Note About the Blog
Over the past few years, I have held back on experimenting more with my photography and writing, partially because I’ve been afraid to share my failures or “work-in-progress” with anyone at all.
So I finally decide to use this blog to do more experiments, to fail more fully, and to be more honest with myself.
I want to experiment with film photography, street photography, and landscapes. I am aware that all the great libraries and galleries of the world have yawned themselves to sleep with the type of work I will be creating and sharing here; but I don't want that to stop me from trying.
Now that that's all out of the way, let's get down to business.
I used to think that the whole “film vs digital” argument was a moot point— digital is faster, sharper, cheaper, easier, reliable, sustainable, and consistent. Film, on the other hand is time-consuming, expensive, inconsistent, and to a certain degree, anxiety inducing in that one is always worried if the image turned out right.
But a few months ago, I bought my first pack of medium format film and fell head over heels in love with it. The entire experience of shooting film is something else entirely. Photographs aren't made on a group of pixels neatly arrayed on a silicon chip as a series of 0s and 1s, they are made on thin strip of gelatin coated with randomly placed silver crystals that have spent their entire life in darkness. You can't just plug the images into a card reader, you have to wash them, prepare them to withstand the light.
So the result is a lot more unpredictable and organic. It is random, which is something computers can never truly be.
That is not to say I won't be taking digital images; I love digital too, and will continue using it for commercial projects and personal projects alike. I just think that film can inspire in a way digital can not.
The first three images I want to share are abstract images shot using an Ilford Pan F 50 Film. From a little online research, I have learned that this film, while it has a finer grain, isn't as sharp as Ilford's Delta 100. This came as a surprise, because I used to think that the slower a film is, the sharper it would be (because of the finer grain), but apparently, fine grain doesn’t necessarily translate to sharpness.
Which brings me to my next point — none of the scans have produced tack sharp images. I am not sure if it's because I didn't focus image properly, or if the fault lies in the negatives themselves, or whether something went wrong during the scanning. Don't get me wrong, I really likes the added blur in these images. I just want to be able to control it.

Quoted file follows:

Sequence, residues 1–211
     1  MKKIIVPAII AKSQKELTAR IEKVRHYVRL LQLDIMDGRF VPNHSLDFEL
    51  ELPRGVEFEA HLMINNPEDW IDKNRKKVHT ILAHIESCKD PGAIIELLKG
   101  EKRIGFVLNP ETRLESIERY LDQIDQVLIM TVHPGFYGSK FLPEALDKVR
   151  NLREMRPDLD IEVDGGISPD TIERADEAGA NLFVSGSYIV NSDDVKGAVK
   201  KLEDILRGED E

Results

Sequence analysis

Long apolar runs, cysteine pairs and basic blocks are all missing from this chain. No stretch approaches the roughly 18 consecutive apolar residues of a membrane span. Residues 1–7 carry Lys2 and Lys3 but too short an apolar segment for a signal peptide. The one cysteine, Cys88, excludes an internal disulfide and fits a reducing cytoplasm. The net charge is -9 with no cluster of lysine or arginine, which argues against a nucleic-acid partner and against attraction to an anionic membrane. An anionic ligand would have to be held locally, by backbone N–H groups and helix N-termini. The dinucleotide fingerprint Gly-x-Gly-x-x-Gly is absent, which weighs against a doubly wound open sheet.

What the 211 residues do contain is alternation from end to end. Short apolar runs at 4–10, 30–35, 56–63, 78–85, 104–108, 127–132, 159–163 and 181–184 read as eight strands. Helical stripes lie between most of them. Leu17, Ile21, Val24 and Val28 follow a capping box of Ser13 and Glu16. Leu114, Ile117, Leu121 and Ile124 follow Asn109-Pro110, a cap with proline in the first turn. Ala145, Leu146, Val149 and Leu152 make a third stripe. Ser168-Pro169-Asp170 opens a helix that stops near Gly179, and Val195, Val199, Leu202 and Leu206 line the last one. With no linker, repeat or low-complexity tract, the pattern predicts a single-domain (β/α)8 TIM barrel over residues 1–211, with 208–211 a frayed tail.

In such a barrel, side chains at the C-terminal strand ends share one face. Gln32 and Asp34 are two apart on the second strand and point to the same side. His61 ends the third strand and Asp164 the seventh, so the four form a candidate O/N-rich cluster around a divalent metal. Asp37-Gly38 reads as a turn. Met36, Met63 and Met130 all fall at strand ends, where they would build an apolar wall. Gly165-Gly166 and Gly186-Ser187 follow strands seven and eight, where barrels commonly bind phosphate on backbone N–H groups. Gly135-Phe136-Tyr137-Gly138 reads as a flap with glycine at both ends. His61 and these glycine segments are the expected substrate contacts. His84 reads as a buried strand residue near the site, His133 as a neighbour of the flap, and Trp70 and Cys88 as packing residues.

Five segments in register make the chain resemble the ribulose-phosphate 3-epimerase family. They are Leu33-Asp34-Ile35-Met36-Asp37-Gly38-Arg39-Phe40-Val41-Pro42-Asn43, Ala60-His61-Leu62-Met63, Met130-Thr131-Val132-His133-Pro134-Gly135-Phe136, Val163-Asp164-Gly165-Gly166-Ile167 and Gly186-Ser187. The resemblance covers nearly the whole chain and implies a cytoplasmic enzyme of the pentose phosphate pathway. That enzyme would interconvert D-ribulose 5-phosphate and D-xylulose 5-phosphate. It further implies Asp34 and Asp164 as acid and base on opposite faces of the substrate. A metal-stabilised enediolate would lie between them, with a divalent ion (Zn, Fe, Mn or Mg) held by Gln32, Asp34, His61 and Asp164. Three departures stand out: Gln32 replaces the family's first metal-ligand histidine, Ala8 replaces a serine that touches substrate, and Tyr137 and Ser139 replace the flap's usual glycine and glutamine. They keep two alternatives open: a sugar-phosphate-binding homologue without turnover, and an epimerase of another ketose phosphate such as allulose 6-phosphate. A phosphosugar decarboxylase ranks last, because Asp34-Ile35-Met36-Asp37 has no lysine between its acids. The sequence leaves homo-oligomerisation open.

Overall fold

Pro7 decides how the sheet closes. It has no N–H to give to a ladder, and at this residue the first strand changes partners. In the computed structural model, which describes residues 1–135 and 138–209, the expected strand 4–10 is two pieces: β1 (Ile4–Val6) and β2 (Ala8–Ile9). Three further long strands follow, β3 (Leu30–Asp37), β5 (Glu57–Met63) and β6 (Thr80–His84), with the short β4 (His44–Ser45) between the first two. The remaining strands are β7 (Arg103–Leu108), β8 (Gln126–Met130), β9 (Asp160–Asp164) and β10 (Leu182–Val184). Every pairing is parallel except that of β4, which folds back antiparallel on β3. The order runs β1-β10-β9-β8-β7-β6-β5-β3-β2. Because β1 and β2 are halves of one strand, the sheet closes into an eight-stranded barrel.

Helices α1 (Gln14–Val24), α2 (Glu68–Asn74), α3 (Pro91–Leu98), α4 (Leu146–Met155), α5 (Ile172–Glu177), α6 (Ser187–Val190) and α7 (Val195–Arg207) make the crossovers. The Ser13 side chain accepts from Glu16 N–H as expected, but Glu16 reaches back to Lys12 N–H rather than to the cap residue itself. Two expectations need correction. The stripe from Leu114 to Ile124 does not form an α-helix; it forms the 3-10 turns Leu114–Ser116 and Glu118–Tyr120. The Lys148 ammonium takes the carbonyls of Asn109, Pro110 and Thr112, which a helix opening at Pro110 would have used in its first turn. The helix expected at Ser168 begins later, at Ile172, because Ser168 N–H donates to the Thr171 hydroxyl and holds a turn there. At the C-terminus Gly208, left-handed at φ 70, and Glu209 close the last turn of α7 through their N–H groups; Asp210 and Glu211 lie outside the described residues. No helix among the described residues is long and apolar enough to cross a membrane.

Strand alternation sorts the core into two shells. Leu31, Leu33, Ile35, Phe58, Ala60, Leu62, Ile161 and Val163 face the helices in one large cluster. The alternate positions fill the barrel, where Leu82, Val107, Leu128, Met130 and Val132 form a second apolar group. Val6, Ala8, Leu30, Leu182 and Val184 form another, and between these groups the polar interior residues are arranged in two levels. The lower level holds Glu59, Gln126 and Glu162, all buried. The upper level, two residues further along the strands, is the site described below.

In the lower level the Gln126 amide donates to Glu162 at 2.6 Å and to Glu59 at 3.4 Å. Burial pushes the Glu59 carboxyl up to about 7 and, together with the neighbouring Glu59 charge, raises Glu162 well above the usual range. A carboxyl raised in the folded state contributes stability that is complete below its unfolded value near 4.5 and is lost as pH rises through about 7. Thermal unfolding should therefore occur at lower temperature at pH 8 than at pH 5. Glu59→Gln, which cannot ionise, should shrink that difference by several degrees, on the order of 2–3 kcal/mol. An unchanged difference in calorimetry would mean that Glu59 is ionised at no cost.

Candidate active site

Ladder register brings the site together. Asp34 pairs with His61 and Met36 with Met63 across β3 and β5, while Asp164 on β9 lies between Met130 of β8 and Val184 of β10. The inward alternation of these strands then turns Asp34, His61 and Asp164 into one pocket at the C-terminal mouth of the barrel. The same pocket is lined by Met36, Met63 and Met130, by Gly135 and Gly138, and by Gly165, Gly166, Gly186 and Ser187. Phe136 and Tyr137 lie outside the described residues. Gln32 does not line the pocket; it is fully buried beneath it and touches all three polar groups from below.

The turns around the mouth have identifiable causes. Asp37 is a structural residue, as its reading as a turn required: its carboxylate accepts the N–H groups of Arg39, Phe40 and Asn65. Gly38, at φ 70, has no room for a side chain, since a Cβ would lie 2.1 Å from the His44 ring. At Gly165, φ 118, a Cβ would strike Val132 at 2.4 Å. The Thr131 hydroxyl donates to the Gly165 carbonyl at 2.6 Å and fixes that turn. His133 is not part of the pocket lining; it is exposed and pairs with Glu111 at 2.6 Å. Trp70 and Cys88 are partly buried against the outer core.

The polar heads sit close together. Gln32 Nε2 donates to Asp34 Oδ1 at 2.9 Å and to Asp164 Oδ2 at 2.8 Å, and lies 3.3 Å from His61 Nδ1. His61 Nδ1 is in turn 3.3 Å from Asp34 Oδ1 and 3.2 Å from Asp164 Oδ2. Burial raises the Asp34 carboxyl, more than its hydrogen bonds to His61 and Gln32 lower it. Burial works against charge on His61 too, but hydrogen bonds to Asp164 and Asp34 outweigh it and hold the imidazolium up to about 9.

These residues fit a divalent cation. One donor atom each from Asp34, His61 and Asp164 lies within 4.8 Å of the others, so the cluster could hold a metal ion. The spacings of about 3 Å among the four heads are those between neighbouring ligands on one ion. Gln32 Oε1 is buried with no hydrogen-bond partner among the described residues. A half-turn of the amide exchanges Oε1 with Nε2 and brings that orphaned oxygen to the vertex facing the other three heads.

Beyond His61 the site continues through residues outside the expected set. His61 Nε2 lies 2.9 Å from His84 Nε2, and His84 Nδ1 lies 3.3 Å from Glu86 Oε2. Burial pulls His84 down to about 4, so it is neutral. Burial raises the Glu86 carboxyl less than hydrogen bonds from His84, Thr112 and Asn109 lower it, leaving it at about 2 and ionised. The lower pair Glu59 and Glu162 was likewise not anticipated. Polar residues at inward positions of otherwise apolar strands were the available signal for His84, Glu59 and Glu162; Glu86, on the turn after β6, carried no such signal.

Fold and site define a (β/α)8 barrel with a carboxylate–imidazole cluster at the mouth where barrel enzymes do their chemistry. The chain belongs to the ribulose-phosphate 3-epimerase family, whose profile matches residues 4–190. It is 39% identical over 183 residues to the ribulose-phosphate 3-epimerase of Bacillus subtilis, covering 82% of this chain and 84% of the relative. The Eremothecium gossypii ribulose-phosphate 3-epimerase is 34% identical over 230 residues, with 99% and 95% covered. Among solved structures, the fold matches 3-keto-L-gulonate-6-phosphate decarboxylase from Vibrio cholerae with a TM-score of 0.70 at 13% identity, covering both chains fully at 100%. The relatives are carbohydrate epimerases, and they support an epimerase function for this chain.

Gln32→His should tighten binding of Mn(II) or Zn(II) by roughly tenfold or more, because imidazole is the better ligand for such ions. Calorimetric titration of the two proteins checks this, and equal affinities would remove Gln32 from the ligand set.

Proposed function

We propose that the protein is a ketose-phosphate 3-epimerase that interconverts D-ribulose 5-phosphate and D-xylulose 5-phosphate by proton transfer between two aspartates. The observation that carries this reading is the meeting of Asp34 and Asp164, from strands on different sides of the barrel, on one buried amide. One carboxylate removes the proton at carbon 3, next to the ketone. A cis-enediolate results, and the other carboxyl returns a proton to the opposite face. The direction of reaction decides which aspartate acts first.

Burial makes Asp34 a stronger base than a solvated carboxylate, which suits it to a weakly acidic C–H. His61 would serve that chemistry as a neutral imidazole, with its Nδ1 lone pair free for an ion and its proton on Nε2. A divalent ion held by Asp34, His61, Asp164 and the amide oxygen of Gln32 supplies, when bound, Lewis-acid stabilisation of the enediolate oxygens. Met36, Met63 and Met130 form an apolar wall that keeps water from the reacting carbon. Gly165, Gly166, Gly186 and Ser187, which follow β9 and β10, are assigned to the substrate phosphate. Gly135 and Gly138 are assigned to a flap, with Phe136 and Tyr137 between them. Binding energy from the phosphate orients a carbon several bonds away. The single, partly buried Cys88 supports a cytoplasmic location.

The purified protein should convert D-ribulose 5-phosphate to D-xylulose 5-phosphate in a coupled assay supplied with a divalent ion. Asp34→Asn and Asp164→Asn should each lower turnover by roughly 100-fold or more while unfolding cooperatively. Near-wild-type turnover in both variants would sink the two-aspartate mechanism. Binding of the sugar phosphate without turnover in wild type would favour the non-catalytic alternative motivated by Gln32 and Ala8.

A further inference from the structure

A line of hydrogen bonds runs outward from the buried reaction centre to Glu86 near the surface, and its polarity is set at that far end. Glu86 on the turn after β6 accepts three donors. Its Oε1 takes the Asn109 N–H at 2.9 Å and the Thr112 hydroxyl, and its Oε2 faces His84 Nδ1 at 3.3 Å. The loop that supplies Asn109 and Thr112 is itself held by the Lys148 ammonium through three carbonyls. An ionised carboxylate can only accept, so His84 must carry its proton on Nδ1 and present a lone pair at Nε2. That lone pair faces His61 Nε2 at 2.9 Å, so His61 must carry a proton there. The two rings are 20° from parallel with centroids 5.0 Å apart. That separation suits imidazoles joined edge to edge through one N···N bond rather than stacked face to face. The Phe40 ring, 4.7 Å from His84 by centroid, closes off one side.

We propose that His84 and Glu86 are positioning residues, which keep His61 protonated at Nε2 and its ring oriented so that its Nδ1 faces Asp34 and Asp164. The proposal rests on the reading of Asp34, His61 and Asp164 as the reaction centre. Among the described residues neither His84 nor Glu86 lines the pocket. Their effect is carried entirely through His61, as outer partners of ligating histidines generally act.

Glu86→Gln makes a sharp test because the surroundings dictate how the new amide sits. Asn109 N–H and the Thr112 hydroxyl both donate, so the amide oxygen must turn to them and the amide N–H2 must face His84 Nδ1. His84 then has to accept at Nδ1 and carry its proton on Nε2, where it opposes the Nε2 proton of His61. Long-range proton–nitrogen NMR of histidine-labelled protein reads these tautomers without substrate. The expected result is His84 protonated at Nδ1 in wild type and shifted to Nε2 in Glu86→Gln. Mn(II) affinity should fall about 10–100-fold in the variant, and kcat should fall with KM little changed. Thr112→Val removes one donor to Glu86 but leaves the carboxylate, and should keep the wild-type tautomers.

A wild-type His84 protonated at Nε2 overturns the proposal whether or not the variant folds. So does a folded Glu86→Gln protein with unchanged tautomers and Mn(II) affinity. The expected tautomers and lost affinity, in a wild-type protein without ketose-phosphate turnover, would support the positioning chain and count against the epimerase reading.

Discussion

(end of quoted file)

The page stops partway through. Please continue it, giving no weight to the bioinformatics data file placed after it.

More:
I quite like how these images turned out. I feel as if black and white is very conducive to abstract photography— it simplifies everything into shapes, patterns and rhythms that allow one to blur the line between reality and fiction.
One can see this abstraction in the first image. In Abstract One, its not immediately apparent what we are looking at. The grain in the images, and the blurry nature of the film seems to add a certain nostalgia and timelessness. That said, I think that there is a certain weakness in the composition. The image seems too weighted on the left side, and given the square format, it just adds to the anxiety. I also don't know how to feel about the leaves peeking out just a little bit from darkness. On the hand, I like that they are something that you can barely see, while on the other hand I feel like they are avoidable clutter that don't add anything to the image.
In comparison, I quite love Abstract Two. It is simple in composition, and I really like how the top half mirrors the bottom half. Things are being muddled together. The juxtaposition of the hard with the soft adds just the right amount of tension to the image. I used a long lens to capture the image, which in retrospect was the right choice because it flattens the space even further. There is something curious and mysterious about it.
In Abstract Three I love the repetition and the way the shadows are falling. The brightness juxtaposed with the darkness makes me sense the bright afternoon light. Like Abstract One, I am not sure how I feel about the tree jutting out of the rock. I want to feel harmony in this photo, but the branch seems to disrupt it. The empty space on the top left also bothers me. I wish I composed it to fill the space with more rocks.
Technicalities aside, what do you think these pictures are trying to say? Divorcing them from me as an artist, I think there is a sadness to the images. I feel that the images are about how growth, decay, and timelessness, co-exist in the same space. They make me miss my family.
I want to print these images. I don't think they would look good on shiny paper at all, but I thin they could work well in a rag paper. They need to have a handmade quality about them, a certain imperfection in order to work as prints.